Frontlist | Westport author’s fantasy weaves a tale of assassins and aliens in ‘The Brass Queen’

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Westport author Elizabeth Chatsworth will be celebrating the release of her debut novel “The Brass Queen” during the Westport Library’s virtual event on Jan. 12.

Chatsworth will be joined by writer Gabi Coatsworth and Neo Victorian Hip Hop Emcee and YouTuber Professor Elemental and Tom Caruana who created a song based on Chatsworth’s character.

Chatsworth’s book tells the tale of a Miss Constance Haltwhistle who sells firearms under the alias of the “Brass Queen” during the late 1800’s in a steampunk inspired world.

In celebration of her launch, we caught up with Chatsworth to talk about her novel which Publishers Weekly described it as “a fun, frothy blend of fantasy and romance.”

TinaMarie Craven: How would you describe “The Brass Queen?”

Elizabeth Chatsworth: The Brass Queen is a funny, fantastical adventure in a steam-powered world. Join flawed characters as they face invisible assassins, villainous royalty and inter-dimensional telepathic aliens. Escape from the everyday into a richly drawn world of wonder and laughter, then close the book with a smile on your face and spring in your step. This is an escapist fantasy that is just the antidote to the winter blues!

TC: What inspired you to write this particular story?

EC: A minor character in H. G. Wells’ “The Invisible Man” inspired my plot. In Wells’s 1897 novel, a mysterious American tourist in an English pub whips out a revolver and shoots the invisible man in the knee. Upon reading this, I wondered – who is this curious interloper with the less-than-deadly aim? Thus began the adventures of J. F. Trusdale, an inept spy in a world where nothing is as it seems, starting with Trusdale himself. Such a man requires an exceptionally talented partner – enter Miss Constance Haltwhistle – weapons designer and amateur scientist.

TC: How long did it take you to write this book?

EC: The short answer is six years, if you include editing and the journey toward publication. The long answer is that, as my 50th birthday loomed, I took stock of my life. I’d always been an avid reader, but somehow, I’d never made the time to create my own stories. So, I decided to sign up for an online creative writing class. The instructor, best-selling author David Farland, encouraged my fledgling efforts, and my first assignment turned into chapter one of The Brass Queen. It took a year to write the first draft, and five years to travel through the editing and publication maze. Now, on Tuesday, this novel will finally be shared with the world!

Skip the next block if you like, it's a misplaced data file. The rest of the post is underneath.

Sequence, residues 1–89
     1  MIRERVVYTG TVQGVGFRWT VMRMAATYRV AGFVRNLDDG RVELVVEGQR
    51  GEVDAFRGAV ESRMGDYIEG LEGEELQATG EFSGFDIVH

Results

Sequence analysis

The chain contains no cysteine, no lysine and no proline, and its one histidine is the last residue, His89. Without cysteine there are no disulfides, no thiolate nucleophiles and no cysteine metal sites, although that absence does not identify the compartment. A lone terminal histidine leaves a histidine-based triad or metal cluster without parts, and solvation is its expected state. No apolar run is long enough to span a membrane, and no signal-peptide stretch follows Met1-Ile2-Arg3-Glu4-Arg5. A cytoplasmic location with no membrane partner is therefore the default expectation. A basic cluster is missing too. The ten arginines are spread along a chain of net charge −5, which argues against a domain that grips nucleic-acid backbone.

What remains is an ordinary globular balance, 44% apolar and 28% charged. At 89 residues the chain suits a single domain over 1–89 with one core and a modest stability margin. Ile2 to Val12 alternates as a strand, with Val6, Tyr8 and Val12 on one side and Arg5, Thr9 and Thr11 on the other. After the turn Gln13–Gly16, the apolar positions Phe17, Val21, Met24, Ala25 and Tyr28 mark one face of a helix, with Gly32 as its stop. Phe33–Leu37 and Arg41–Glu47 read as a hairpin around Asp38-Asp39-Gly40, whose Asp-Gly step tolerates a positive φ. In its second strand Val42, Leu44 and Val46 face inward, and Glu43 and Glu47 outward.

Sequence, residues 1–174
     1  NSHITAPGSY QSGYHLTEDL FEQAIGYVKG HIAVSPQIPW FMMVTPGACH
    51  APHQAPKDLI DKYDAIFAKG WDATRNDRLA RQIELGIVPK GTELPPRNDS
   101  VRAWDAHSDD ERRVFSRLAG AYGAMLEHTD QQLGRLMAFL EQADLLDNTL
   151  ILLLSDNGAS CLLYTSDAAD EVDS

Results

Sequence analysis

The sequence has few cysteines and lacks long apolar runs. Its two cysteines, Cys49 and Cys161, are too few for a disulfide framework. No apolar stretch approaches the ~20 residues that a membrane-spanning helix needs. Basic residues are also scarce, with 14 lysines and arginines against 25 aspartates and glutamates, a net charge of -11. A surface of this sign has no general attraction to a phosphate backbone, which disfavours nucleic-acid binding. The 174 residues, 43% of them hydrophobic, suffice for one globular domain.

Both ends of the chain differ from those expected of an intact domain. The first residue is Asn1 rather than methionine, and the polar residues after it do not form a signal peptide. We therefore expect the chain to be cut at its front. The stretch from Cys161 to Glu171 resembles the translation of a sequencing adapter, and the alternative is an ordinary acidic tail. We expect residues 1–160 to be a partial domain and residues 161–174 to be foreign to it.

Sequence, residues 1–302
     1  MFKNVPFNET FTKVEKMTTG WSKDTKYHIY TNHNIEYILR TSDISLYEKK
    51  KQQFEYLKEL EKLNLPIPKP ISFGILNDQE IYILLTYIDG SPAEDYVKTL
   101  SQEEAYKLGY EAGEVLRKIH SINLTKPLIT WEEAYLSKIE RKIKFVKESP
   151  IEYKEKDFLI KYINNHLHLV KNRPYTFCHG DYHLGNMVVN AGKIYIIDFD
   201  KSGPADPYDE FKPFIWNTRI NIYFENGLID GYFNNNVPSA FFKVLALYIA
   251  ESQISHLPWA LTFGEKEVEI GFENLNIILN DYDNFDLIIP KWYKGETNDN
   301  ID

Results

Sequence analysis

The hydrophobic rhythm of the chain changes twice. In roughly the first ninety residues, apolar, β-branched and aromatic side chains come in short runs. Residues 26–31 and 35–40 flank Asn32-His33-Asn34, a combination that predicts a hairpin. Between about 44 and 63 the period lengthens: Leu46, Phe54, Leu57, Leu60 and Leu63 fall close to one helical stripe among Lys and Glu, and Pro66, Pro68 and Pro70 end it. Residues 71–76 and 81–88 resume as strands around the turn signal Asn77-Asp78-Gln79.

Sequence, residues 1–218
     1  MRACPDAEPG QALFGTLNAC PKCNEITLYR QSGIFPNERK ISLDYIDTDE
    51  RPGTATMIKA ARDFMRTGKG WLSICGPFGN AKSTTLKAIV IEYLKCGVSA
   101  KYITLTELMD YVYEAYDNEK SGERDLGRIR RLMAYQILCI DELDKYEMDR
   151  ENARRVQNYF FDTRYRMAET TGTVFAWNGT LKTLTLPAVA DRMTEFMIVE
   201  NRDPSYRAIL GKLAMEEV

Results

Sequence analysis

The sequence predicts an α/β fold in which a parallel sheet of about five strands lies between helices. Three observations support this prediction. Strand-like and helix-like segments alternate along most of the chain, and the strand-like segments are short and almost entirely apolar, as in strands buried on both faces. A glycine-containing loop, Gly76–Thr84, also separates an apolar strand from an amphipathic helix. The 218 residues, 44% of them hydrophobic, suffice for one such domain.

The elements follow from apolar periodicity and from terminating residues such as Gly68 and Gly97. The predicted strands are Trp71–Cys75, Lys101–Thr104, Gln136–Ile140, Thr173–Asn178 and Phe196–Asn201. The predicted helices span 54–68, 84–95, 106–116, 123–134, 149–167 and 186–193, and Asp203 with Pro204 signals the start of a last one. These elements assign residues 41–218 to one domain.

TC: What do you like to do when you’re not writing, I understand you also work as a voice actor?

EC: I enjoy martial arts, horseback riding, cosplay, video games and baking (but never at the same time). I work part-time at the Westport Library, helping folks to find their next good read. I’m also a freelance voice actor who specializes in corporate narration. If you’d like to hear my British accent, please check out my demo reel at elizabethchatsworth.com.

TC: What’s it like knowing that your character has inspired a song?

EC: It’s an amazing feeling! As a writer, you want your characters to truly connect with your readers. Miss Constance Haltwhistle is a rogue, a rebel and eventually a renegade with a fiery temper and a sharp-tongued wit. She’s also accident-prone, over-confident and has a heart of gold beneath her chainmail corset. A complex character touches readers’ hearts in the strongest way, and Constance is definitely complex!

TC: What would you like readers to take away from this story?

EC: Constance demonstrates that you don’t have to be perfect to be a hero. One person, however flawed, can change the world for the better. My heroine starts the novel hosting her own coming-out ball. By the end, she’s commanding an airship and standing up for women’s rights. She learns to speak for those who are voiceless, which is something I hope we can all do in our daily lives. We are all far bolder and braver we give ourselves credit for!

Source: Chron 

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